Americans have grown to love the warm sunniness of New World Chardonnays. But the grape performs best in the chill, chalky soils of its native land.

There is a steep, white chalk ridge above the sleepy town of Chablis. The ridge runs along the banks of the River Yonne—the town is on one side, the ridge on the other. All the way up the slope is a superb amphitheater of vineyards, the grands crus of Chablis. This is, for many wine lovers, the heartland of Chardonnay, where the vine finds its purest, if not its finest, expression. Like so many classic sites around Europe, the area was first planted by the monks during the Middle Ages, and has been under vine ever since.

More than 150 miles south of Chablis are the famous slopes of the Côte de Beaune, which are almost completely covered by vineyards. Pommard and Volnay are mostly Pinot Noir territory. But where the soil changes from marl to chalk, the grapes change from Pinot Noir to Chardonnay. This is where you’ll find the famed villages of Puligny-Montrachet, Chassagne-Montrachet and Meursault. They’re legendary for the same reason that their northern neighbor, Chablis, is: for their Chardonnay-based Burgundies.

The Côte de Beaune’s vineyards climb up the slopes behind the villages and spread out below them, into the Sâone Valley, but never too close to the flat plain—spring frosts are so common in Burgundy that vineyards that are planted on the plain are more susceptible to frost damage. At the top of hills, vines give way to trees, a sign of how important
microclimates are in this area of long, cold winters and short, hot summers.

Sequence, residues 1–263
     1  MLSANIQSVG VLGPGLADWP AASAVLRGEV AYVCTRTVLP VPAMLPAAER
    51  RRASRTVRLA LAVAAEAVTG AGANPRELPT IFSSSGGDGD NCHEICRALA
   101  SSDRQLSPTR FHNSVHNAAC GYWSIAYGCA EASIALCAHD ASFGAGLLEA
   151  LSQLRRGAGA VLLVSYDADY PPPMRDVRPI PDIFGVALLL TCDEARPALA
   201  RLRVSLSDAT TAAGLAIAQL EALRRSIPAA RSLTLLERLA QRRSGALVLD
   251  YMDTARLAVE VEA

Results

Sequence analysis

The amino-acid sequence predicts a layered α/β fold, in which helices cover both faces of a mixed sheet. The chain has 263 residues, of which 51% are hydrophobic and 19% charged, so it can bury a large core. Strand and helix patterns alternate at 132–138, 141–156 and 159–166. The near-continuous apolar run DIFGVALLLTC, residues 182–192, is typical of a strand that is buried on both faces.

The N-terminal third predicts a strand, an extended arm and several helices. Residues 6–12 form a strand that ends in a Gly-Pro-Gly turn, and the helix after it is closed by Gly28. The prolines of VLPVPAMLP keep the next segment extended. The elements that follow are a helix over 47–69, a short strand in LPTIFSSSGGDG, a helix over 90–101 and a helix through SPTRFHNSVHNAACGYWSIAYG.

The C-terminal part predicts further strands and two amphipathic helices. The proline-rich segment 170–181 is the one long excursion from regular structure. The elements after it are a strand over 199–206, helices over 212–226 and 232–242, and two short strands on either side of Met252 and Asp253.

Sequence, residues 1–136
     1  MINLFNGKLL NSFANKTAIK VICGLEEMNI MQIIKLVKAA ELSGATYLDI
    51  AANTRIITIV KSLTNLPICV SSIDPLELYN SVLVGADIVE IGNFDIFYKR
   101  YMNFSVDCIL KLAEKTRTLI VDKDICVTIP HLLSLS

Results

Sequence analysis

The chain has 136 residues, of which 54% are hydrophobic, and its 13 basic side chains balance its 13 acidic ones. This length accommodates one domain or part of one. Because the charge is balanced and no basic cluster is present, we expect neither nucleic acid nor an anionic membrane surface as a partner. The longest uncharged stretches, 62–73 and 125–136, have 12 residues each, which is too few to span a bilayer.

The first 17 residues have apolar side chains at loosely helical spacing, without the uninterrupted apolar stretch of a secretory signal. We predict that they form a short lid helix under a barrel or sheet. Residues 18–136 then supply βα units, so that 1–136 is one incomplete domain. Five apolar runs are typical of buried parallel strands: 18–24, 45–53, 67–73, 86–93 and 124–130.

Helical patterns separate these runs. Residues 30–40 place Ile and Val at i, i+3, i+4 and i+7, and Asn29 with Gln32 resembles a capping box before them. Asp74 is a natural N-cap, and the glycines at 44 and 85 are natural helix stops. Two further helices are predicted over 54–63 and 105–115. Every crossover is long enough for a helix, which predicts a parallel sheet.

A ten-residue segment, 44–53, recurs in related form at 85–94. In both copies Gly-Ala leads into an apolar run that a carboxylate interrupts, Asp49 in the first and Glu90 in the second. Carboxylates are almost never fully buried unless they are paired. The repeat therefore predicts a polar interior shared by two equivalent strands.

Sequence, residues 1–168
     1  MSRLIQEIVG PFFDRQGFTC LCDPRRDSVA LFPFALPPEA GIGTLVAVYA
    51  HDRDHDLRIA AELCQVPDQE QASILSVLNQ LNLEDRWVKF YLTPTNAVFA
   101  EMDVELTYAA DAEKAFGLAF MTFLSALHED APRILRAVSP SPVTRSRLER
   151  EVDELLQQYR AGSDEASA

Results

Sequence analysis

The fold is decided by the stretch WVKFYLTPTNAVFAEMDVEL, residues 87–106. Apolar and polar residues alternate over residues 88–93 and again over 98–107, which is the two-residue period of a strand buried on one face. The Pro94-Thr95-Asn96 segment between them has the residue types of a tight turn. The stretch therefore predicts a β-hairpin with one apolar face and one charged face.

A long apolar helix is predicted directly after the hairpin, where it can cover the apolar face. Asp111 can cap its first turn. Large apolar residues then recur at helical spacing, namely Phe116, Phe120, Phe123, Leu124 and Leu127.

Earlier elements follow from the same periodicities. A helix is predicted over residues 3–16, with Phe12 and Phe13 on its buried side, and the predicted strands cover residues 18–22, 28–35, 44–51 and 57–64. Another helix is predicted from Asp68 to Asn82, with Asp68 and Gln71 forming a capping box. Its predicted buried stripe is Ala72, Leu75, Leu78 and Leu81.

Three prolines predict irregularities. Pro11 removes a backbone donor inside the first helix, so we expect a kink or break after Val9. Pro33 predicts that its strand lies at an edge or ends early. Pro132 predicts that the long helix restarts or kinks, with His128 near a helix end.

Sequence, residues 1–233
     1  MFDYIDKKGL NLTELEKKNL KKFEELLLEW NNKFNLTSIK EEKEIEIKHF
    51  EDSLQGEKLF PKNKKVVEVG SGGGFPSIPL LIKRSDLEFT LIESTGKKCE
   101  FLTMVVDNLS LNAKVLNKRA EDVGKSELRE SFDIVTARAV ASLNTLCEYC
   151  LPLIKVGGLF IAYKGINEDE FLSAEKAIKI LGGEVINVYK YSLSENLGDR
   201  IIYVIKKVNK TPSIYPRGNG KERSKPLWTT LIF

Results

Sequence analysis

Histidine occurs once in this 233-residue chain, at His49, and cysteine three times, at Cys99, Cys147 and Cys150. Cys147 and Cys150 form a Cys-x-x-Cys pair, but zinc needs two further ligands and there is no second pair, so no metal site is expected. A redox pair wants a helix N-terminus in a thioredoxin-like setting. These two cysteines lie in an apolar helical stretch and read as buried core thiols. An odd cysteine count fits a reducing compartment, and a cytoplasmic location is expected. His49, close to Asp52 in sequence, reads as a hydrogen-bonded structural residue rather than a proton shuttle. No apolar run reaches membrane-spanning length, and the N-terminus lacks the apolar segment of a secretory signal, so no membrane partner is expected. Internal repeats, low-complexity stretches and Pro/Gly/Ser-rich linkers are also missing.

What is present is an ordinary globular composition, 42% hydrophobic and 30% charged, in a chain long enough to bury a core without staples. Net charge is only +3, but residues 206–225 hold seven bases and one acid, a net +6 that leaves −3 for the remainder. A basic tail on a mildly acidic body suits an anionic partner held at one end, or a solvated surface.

It is from these sites (and from the hilltop vineyard of Corton-Charlemagne, which is just north of Beaune and the rolling hills of Saint-Aubin) that Chardonnay has spread to the rest of the world. The grape, whose name is so easy to pronounce, has virtually become a brand. Its soft, low aromas, sometimes boosted by the flavor of wood, have become almost synonymous with easy-to-drink white wine.

Chardonnay, the Old-School Way
White Burgundy remains defiantly different from Chardonnay—that is, Chardonnay as it’s known in America. Apart from Bourgogne Blanc, which is sometimes marked “Chardonnay” on the label, no white Burgundy carries any indication that it is made from Chardonnay grapes. People who have grown up on Chardonnay are often astonished that the grape that is so widely grown in California is the same grape from which white Burgundy is made.

But there is a profound stylistic difference that sets white Burgundy apart from other Chardonnays. For Bernard Repolt, director of Maison Chanson Père et Fils, one of the oldest Burgundy négociants, “white Burgundy is all about acidity, finesse and elegance. There should be a minerality to the taste from the chalk soil, giving white Burgundy a sense of place.”

For Louis-Fabrice Latour of Maison Louis Latour, “the biggest difference between white Burgundy and other Chardonnays is the natural acidity. Either you choose acidity and balance as in white Burgundy, or you go for commercial, fruity, easy-to-drink wines from the rest of the Chardonnay world.”

Véronique Drouhin of Maison Joseph Drouhin is as familiar with the Chardonnays of Oregon as she is with white Burgundies. She finds that the difference is one of ageability: “Oregon wines,” she says, “come ’round sooner and don’t age for as long as white Burgundy.” Like Repolt and Latour, she believes that natural acidity is what gives Burgundian Chardonnay an edge.

These native Burgundians may be biased toward their own wines, certainly. But no one disputes the essential difference between white Burgundy and Chardonnays from other vineyard regions: White Burgundy comes from a cool climate where the soil is particularly suited to the vine. It is more about acidity and aromas than the “fatness” of the wine. Great white Burgundy, whether it is from Chablis or from Puligny-Montrachet, has incomparable complexity.

Traditional, Yet Innovative
The sense of tradition that comes from the ancient Burgundy vineyards